I remember the first time a friend of mine on Facebook died. Not only was this person an online friend, they were also my best friend growing up. This was my first experience dealing with a close loss in such a public way. It was also the first time someone that I knew had passed away, yet still existed in a somewhat physical form post-mortem on the internet.
Mourning a death in the social media era is an experience that is different for everyone. To this day, I still get rather haunted when I see my friend’s name pop up whilst sending out event invites on Facebook. Social media has left those looking to engage vulnerable, both in life and in death.
What Happens to Facebook After You’re Dead?
At the age of 24, I have seen five of my Facebook friends die. However, not until recently have I pondered what exactly, Facebook will do with your account if you pass away. According to the Facebook Help Center, family members of the deceased individual have a couple of options when handling said account.
First, Facebook allows immediate family members to request that the deceased individual’s account be memorialized. Memorializing a profile allows only confirmed friends access to the page while the profile is completely private to non-friends. Many families may opt for memorializing so that the deceased individual’s profile acts as a virtual guestbook in which friends and family can share their memories.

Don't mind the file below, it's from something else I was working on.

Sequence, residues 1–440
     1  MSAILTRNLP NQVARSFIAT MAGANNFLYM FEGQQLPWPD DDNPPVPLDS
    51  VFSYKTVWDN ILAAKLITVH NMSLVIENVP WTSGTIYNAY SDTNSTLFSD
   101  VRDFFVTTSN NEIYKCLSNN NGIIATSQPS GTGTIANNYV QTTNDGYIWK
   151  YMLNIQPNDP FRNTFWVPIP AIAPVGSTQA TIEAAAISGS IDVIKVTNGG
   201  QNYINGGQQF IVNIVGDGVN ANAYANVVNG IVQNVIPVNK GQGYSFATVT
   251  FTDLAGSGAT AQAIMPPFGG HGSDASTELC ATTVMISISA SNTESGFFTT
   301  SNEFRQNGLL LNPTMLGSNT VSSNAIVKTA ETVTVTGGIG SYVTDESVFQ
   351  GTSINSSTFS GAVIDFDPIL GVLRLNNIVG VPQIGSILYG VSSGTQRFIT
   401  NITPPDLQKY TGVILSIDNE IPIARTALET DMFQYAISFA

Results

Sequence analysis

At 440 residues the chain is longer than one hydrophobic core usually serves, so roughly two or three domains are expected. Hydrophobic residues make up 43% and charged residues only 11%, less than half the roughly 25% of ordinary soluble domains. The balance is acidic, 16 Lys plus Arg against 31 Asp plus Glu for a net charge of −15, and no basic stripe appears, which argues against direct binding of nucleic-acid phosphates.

The second option that Facebook offers to family members of the deceased is to completely remove the account. Sometimes keeping a dead person’s Facebook account alive can be too painful for their friends and family, and the removal of an account is preferred.
Additionally, there is an application for Facebook that allows a user to pre-record a message to their friends with the intention of sharing this message post-mortem. The app, called If I Die, asks users to select three close friends to be entrusted with your final message. After all three friends have confirmed your death; the message will be shared with your network on Facebook. Granted, not everyone wants to think about how and when they will die; however, this could be a useful tool for individuals suffering from a terminal illness. In this video, Adam Ostrow discusses If I Die and some of the considerations about dying online:
Another concern about what happens to someone’s online presence after they have passed is what the individual would want to have happen to their profile (not their family). We often write a Will, we may ask for a Do-Not-Resuscitate (DNR) Order and we may choose a preference for our remains, such as a funeral or cremation. Should we start planning how our Facebook profile will be handled post-mortem just as we would decide our life insurance policy?
In an editorial piece for ADVOCATE, Jesse Archer ponders this very concern. Jesse writes:
“Wondering what they might have wanted raises a question we may all one day have to answer. Another heady end-of-life care question alongside whether you’d like to be revived if you stop breathing or if you’ll donate your corneas. Do you want us to pull the plug on your Facebook page?”
Is it too morbid to contemplate your untimely death when you login to Facebook? Will you really care what event invites you are sent when you are dead? Or when you die in real life, do you want to be completely dead online as well?